icm2re logo. icm2:re (I Changed My Mind Reviewing Everything) is an  ongoing web column  by Brunella Longo

This column deals with some aspects of change management processes experienced almost in any industry impacted by the digital revolution: how to select, create, gather, manage, interpret, share data and information either because of internal and usually incremental scope - such learning, educational and re-engineering processes - or because of external forces, like mergers and acquisitions, restructuring goals, new regulations or disruptive technologies.

The title - I Changed My Mind Reviewing Everything - is a tribute to authors and scientists from different disciplinary fields that have illuminated my understanding of intentional change and decision making processes during the last thirty years, explaining how we think - or how we think about the way we think. The logo is a bit of a divertissement, from the latin divertere that means turn in separate ways.

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soft (s)kills: let's make it a bit harder

How to overcome the success of distorted and dysfunctional soft skills

How to cite this article?
Longo, Brunella (2013). Soft (s)kills! Let's make it a bit harder. icm2re [I Changed my Mind Reviewing Everything ISSN 2059-688X (Print)], 2.3 (June).

How to cite this article?
Longo, Brunella (2013). Soft (s)kills! Let's make it a bit harder. icm2re [I Changed my Mind Reviewing Everything ISSN 2059-688X (Online)], 2.3 (June).

June, 28 2013 - Communication skills, negotiation skills, language skills, relationship skills, networking skills. And so on and so on. I am talking about those qualities, attitudes and capabilities that make things happening smoothly and simply without disappointing almost anybody, no matter the technicalities of the projects or the problems of the situation.

I have been an advocate of soft skills for many years, while consulting and project managing information and customer services. But let's think again: are we sure that such skills are really so important in any circumstance as we were used to claim? Or is not the case that we have diffusely adopted an algorithmic version of this powerful concept and something should be re-tuned?

Soft skills have been increasingly adopted in any field of organised and controlled human relations in a purposively simplified and predictable way, becoming what troyans are for machine-to-machine communication: a sophisticated mean to conquer others' trust. After the successful implementation of many 'Moneyball' and optimisation programs in the public and in the private sectors, the purpose of obtaining trust may be not at all anymore what you believe it is. Trust is demanded not to serve you better or to improve the quality and efficiency of the interactions but to control any digression from an expected profitable behaviour (that is not necessarily in your interest as a consumer or client). If your requests are not fitting with the system expectations, or the marketers’ predictions, soft skills can help to balance the book treating you in a dissatisfactory, demotivating and ultimately dismissing way. Because a betrayed and lost customer can be definitely cheaper to manage than a dissatisfied and complaining one.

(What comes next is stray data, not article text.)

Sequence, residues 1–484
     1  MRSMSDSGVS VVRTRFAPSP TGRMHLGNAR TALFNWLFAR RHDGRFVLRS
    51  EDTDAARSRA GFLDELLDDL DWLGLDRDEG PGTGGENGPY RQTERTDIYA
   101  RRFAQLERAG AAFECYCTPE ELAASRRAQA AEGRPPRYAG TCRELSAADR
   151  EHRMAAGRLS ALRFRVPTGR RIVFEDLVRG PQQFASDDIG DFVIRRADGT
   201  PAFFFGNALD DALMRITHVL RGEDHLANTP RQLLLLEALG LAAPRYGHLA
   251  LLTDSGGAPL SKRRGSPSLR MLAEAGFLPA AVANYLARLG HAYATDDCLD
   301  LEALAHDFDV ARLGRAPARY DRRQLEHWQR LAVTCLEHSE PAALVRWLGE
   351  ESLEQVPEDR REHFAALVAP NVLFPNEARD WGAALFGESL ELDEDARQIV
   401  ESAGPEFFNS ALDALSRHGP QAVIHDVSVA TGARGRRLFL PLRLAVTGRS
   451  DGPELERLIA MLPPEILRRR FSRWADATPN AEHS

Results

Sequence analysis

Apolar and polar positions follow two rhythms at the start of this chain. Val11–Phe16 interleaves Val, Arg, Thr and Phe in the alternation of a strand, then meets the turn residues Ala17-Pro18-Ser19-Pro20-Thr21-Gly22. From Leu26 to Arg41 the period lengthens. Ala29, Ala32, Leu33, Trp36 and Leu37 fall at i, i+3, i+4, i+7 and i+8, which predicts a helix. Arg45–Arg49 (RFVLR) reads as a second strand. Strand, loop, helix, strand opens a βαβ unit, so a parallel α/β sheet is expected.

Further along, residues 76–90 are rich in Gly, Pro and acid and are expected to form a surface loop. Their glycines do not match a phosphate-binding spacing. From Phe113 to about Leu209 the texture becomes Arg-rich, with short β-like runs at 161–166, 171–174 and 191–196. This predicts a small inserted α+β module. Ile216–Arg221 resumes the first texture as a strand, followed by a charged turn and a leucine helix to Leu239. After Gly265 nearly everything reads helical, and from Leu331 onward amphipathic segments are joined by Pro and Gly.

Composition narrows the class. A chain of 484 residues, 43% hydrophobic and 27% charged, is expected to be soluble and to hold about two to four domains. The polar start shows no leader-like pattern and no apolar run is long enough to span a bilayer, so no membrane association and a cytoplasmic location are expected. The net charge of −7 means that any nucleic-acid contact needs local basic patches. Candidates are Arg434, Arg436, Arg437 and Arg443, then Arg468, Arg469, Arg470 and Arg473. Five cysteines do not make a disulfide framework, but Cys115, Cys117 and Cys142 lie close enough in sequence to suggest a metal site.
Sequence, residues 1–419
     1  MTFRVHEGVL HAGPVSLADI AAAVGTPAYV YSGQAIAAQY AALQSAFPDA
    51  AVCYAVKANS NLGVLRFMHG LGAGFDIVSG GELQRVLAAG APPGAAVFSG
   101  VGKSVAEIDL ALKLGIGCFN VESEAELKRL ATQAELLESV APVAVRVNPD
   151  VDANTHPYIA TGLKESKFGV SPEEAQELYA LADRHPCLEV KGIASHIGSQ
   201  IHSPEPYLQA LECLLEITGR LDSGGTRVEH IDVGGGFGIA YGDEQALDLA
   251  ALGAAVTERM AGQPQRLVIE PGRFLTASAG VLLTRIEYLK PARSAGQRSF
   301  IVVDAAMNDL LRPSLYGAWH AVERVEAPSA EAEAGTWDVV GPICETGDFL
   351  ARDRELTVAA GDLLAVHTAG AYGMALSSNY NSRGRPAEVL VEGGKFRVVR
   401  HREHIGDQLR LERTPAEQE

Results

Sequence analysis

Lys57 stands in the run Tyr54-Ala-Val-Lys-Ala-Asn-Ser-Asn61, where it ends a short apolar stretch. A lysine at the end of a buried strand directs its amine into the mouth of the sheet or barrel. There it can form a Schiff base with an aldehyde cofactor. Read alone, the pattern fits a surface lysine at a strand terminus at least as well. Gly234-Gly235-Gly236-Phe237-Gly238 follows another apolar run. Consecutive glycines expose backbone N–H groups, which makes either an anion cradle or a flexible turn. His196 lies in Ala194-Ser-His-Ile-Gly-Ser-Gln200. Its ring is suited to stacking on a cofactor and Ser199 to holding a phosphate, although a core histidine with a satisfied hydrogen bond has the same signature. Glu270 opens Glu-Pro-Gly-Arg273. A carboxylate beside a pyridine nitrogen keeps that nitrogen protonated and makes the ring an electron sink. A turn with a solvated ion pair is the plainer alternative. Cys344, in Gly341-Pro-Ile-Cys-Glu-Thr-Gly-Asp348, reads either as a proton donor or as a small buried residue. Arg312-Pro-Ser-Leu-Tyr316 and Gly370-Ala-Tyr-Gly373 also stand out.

In a huge number of situations, from commercial transactions to therapeutical communities, from health care to social sciences research or letting agencies, the rise of soft skills has led managers to consider that what really matters in order to deliver a certain service with a realistic expectation of profit margins is to follow the procedure “that works” to that extent, not to talk with people or to keep customers satisfaction at high level, as learned on the the textbooks: customer services that act within certain boundaries, following certain scripts, succeed no matter how they treat people. Whatever is unexpected can be very challenging and disappointing. That's why the soft skill training industry has quickly absorbed expertise and trends from the media and the performative arts (reality shows, threatre, classical operas) and from the sport metaphors - mostly football.

How did it happen we allowed such an impoverishment of human relations instead of that people empowerment we had imagined from the development of more pervasive communication skills supported by the information and communication technologies?